One of the first things that caught my attention were links to etsy.com stores, where crafters were making "un-paper" towels out of cloth. Some were making them the size of the Bounty Select-a-Size towels, adding snaps to them, and attaching them to a plastic roll so they'd go right on your already-in-place paper towel holder. The idea is that you'd simply rip off a towel from the roll.
I was intrigued by them. I use a LOT of paper towels...at least 10-20 a day. If I'm cooking something messy, it's not unusual for me to go through a half a roll of paper towels. I've tried to break this habit by purchasing flour sack towels, and while they have helped some, it wasn't the right substitute. What I liked about these towels, is that they were small...a finished size of 6" x 11". Just the right size to grab and use once or twice and then launder.
While I appreciate the details and design from the etsy crafters, I knew their designs would need some tweaking on my part. When I wipe down my counters, I don't really want a snap in the way. And when I'm folding laundry, I sure as heck don't want to have to attach all those snaps each time.
So, I simplified the project by making mine a 2-ply cloth, with no snaps. Instead of putting them on a roll, I fold them in half and stack them in a basket. The basket is placed directly underneath my paper towels (still like them for raw chicken!), so that I will grab a cloth towel instead of a paper towel.
I'm proud to say that I've cut down my paper towel usage tremendously. I've been using them for a couple months, and in that time, the same roll of paper Bounty is still in place.
Benefits to this project: I'm creating less waste, saving money, and *gasp!*...I actually like them better!!
I chose to use Birdseye fabric (aka diaper cloth) for both sides because it's an absorbent fabric, and looks just like a little paper towel. Also, being all white, it's easier to bleach out stains if needed.
So how did I make them?
- First I bought 5 yards of Birdseye fabric. I wasn't able to find it at Joann's but did find it at our local quilting shop. It was about $3 a yard. From those 5 yards, I was able to make about 28 2-ply towels, with an end cost being about 50¢ per towel. That may seem high, but it's a one-time cost. You may be able to find a better price if you hunt around for sales.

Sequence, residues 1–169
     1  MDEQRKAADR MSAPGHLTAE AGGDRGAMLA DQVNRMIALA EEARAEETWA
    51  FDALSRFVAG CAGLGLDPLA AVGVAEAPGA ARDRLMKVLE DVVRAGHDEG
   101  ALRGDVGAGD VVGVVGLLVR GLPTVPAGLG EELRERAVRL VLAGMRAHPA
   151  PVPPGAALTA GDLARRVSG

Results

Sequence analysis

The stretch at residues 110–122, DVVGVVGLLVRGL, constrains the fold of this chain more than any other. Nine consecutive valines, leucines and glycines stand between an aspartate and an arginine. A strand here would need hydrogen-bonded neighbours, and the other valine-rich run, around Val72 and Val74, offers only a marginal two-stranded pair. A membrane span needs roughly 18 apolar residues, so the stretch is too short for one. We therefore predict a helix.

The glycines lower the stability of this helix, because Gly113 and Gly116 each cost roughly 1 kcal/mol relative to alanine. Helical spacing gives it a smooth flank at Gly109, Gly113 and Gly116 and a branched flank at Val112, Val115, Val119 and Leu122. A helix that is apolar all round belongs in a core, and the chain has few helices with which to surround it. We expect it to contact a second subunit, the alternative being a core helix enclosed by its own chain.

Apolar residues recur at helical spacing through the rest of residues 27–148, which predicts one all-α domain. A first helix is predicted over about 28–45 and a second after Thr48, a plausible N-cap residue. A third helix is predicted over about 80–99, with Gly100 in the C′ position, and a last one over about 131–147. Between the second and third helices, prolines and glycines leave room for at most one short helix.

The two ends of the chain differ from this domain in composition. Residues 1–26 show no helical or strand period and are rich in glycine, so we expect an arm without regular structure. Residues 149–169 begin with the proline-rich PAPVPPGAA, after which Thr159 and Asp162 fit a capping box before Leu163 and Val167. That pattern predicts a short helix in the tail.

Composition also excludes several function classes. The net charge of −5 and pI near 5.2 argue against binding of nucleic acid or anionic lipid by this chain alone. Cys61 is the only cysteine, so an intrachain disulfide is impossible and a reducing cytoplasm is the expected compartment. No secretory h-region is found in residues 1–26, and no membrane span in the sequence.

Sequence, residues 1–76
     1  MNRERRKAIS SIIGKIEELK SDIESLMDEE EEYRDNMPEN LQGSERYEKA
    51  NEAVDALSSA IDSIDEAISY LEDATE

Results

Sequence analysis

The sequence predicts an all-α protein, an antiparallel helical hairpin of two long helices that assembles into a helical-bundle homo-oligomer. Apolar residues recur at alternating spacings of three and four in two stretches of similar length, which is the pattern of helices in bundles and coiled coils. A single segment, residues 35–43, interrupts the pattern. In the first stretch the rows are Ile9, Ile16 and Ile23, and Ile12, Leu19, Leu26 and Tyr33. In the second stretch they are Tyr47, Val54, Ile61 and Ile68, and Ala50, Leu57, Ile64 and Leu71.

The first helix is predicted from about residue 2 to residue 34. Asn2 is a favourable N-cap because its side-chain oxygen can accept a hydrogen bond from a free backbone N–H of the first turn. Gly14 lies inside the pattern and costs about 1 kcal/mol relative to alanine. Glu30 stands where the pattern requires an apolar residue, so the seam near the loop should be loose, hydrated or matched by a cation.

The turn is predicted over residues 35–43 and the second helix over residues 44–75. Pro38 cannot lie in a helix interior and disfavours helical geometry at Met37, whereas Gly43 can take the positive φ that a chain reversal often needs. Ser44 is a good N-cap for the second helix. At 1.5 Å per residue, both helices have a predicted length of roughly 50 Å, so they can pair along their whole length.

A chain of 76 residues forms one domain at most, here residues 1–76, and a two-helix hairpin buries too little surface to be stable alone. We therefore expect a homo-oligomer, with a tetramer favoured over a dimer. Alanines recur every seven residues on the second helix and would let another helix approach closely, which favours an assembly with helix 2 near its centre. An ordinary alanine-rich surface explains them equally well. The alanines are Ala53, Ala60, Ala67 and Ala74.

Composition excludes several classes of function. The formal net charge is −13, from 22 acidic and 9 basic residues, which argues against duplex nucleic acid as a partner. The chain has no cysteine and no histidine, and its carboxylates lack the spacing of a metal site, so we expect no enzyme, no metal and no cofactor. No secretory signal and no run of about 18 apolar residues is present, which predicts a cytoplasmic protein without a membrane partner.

- Next, I prewashed the fabric. I'd never used Birdseye fabric before, so I'll let you in on what I learned...it shrinks...a LOT. In fact, it shrunk even more the second time, even though I washed in hot water, and dried on high. So, going forward, I'd recommend washing and drying twice before cutting the fabric.
- When the fabric was dry, I ironed it (easier to work with and get more precise cuts), folding it in half length-wise as I ironed.
- Once the fabric was ironed, I kept it folded, cutting using a rotary cutter/mat to cut 11 1/2" x 6 1/2" pieces. I cut two at a time so I wouldn't have to match them up later.*
- Then I stitched all around, using a 1/4" seam. I left a 2-3" opening on one of the longer sides so I could turn them right side out later.
- After stitching, go around again, with a zig-zag stitch to keep the fabric edges from fraying. Or use a serger for steps 5 &6. The Birdseye fabric frays easily.
- Turn the towel right side out and gently square up the corners, with a point turner/creaser. Be careful, as it's easy to poke right through the fabric.
- Iron flat, making sure to fold in the opening.
- Top stitch 1/8" from the outside edge, making sure to close up the opening. That's it...you're done!
I took the project a step further and made everyday napkins as well. For these, I chose a patterned piece of cotton fabric for one side. I kept them exactly the same size. I've wanted to buy/make cloth napkins (and stop the awful paper napkin habit!) but was always put off by the large amounts of fabric used for each napkin. I don't want all that folding each week, and buying all that fabric is pricey. I learned that for everyday use, I really like the 6" x 11" size. On laundry day, I fold them in half and place them in my napkin holder.
For Christmas, I made a napkin set with a holiday print on one side.